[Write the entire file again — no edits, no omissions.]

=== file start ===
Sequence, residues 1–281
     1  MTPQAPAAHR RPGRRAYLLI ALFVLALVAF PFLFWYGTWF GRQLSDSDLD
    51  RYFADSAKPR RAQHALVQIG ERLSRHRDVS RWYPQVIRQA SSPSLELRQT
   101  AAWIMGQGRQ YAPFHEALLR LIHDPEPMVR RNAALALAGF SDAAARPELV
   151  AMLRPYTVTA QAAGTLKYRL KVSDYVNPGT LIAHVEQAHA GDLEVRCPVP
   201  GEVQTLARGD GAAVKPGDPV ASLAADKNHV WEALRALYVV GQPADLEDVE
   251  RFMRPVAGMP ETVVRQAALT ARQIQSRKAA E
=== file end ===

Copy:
Sequence, residues 1–281
     1  MTPQAPAAHR RPGRRAYLLI ALFVLALVAF PFLFWYGTWF GRQLSDSDLD
    51  RYFADSAKPR RAQHALVQIG ERLSRHRDVS RWYPQVIRQA SSPSLELRQT
   101  AAWIMGQGRQ YAPFHEALLR LIHDPEPMVR RNAALALAGF SDAAARPELV
   151  AMLRPYTVTA QAAGTLKYRL KVSDYVNPGT LIAHVEQAHA GDLEVRCPVP
   201  GEVQTLARGD GAAVKPGDPV ASLAADKNHV WEALRALYVV GQPADLEDVE
   251  RFMRPVAGMP ETVVRQAALT ARQIQSRKAA E